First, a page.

Türkiye leading contributor of forces to NATO, says defense minister

Ankara has contributed to NATO missions and will continue to do so, Akar told Anadolu Agency's Editors Desk.

Türkiye leading contributor of forces to NATO, says defense minister

Türkiye is the leading country in terms of contribution of forces to NATO, the country's defense minister said.

"Türkiye is the first in the contribution of forces to NATO, it is fifth in contribution to the operations and eighth in terms of contribution to the minimum budget (of the alliance)," Defense Minister Hulusi Akar on Monday told Anadolu Agency's Editors Desk.

Türkiye has contributed to NATO missions and will continue to do so, Akar affirmed.

He further noted that Türkiye's contributions to regional and global peace are recognized by all and the fulfillment of its missions at NATO is "greatly appreciated and praised."

Türkiye joined the military alliance of 29 North American and European countries in 1952 and boasts of having the second-largest army among member states after the US.

Ankara attaches utmost importance to NATO's role in maintaining security and stability in the Euro-Atlantic area.

Akar also commented on Sweden and Finland's NATO bid, saying: "Türkiye is in no way opposed to NATO's open door policy. We fully support its open door policy."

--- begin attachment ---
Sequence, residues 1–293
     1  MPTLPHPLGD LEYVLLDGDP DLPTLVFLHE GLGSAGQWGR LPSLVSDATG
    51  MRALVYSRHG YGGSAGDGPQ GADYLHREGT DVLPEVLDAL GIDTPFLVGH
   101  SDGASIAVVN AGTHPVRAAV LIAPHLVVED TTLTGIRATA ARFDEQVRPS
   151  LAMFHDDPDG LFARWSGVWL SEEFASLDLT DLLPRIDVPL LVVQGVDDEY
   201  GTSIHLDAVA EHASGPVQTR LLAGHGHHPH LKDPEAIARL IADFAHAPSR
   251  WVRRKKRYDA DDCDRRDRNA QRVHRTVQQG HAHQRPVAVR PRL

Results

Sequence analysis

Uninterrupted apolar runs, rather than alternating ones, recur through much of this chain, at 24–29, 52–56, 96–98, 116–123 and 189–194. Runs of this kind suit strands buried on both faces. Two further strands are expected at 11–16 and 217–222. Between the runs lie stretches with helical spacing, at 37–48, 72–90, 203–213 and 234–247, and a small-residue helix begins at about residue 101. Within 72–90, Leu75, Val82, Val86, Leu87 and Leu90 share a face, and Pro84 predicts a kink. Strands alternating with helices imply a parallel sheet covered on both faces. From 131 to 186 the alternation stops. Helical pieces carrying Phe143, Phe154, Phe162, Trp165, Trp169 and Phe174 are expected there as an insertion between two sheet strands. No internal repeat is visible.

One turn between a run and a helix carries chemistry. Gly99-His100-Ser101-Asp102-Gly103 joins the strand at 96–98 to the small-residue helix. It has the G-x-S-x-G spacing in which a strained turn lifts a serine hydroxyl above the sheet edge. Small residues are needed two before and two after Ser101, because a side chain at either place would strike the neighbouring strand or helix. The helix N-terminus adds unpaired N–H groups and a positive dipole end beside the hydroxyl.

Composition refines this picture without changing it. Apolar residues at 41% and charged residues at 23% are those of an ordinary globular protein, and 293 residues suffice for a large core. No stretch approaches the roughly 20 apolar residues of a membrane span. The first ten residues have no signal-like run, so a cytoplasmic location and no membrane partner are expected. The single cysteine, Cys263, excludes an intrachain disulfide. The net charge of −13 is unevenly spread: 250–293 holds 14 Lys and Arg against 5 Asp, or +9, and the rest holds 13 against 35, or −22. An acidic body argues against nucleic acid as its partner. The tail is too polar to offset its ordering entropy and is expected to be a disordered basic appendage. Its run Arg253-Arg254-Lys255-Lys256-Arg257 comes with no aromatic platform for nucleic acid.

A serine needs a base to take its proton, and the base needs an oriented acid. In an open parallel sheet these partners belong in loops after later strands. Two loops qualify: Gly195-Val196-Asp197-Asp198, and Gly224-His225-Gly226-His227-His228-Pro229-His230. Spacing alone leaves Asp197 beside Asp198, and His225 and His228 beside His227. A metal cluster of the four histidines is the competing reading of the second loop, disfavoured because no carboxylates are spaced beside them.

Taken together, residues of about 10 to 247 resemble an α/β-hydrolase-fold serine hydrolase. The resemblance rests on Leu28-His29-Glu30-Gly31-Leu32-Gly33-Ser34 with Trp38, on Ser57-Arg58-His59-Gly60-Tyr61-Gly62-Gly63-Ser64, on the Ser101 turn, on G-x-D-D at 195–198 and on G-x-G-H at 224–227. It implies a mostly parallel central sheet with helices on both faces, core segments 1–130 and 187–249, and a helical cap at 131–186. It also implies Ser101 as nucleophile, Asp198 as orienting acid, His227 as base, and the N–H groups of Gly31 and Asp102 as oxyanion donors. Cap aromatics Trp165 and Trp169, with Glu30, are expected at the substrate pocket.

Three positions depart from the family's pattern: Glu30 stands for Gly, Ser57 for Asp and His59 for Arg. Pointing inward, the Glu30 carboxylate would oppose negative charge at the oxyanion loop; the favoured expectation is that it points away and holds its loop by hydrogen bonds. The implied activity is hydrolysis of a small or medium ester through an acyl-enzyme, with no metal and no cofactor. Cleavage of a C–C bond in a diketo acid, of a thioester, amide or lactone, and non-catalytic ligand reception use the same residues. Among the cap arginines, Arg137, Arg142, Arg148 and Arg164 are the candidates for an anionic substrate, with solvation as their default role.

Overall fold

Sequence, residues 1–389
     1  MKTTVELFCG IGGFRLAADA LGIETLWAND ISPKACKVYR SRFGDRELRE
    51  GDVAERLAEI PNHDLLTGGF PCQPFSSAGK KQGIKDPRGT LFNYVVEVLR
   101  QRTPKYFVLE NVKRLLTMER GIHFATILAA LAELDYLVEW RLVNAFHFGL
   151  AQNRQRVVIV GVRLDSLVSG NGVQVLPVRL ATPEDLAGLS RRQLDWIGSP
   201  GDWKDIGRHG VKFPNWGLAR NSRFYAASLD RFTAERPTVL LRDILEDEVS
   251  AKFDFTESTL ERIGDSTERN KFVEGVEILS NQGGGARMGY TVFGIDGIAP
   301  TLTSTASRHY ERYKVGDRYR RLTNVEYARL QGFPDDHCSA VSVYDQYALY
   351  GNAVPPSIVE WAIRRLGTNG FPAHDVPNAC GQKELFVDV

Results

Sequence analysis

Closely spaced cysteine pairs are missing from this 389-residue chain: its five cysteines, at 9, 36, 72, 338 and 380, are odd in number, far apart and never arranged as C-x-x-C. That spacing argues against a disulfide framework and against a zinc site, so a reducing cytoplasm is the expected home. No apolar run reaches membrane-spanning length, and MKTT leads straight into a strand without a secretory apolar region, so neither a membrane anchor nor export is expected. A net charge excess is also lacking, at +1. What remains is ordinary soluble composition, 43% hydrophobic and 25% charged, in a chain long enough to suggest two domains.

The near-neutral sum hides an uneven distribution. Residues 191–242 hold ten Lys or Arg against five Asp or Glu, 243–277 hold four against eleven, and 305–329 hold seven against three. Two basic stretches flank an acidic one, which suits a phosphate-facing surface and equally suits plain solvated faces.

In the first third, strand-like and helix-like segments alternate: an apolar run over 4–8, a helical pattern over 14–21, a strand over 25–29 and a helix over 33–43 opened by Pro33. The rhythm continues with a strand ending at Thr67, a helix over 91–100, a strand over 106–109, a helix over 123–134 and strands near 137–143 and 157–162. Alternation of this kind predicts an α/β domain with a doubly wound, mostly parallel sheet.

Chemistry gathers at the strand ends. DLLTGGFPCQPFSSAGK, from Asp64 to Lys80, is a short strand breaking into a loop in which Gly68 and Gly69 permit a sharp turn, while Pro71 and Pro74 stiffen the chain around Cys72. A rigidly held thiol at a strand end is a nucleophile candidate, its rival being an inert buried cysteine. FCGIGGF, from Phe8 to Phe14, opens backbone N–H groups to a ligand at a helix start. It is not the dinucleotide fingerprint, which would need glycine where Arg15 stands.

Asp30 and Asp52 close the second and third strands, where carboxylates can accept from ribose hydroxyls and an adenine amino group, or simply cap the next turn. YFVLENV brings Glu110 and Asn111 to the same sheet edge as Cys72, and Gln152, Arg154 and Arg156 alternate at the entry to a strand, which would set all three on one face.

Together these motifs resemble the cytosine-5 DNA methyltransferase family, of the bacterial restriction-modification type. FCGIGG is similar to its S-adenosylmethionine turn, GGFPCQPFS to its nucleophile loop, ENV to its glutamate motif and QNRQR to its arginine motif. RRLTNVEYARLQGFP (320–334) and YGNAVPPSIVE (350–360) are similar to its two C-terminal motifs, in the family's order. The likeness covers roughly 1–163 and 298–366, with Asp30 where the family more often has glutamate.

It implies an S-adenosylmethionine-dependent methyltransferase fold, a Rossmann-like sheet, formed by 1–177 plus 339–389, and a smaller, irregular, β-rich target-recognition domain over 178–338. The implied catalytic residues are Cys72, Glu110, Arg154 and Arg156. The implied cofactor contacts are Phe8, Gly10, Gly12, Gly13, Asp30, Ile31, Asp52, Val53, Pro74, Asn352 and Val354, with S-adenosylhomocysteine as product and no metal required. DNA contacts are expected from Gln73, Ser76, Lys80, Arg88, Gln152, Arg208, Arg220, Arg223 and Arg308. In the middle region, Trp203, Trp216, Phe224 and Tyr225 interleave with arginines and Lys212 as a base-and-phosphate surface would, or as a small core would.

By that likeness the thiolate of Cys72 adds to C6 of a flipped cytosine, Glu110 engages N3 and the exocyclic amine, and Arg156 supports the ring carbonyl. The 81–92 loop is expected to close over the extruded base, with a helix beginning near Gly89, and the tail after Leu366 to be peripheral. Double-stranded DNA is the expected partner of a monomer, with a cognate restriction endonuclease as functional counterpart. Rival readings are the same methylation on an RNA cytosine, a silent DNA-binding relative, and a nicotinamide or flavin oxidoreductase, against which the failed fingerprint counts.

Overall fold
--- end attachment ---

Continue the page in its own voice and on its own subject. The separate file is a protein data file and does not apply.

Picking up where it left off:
The defense chief said his country has fulfilled all its responsibilities with no letup for 70 years.

"NATO should expand, but while NATO is expanding, this enlargement must be made according to NATO criteria, NATO principles, NATO elements, without prejudice to the sensitivities and security of each of the NATO member countries, respecting their security," he added.

Türkiye, a longstanding member of the alliance, voiced objections to Sweden and Finland's membership bids, criticizing the countries for tolerating and even supporting terror groups such as the PKK and its offshoots.

Ahead of a NATO summit in Madrid last month, Türkiye, Sweden, and Finland signed the accord, which allows the two Nordic countries to become NATO members but conditions them to take steps over Türkiye's terrorism concerns and lift an arms embargo on Ankara.

Following the deal, NATO formally invited Sweden and Finland to join the 30-member military alliance.

Hüseyin Demir

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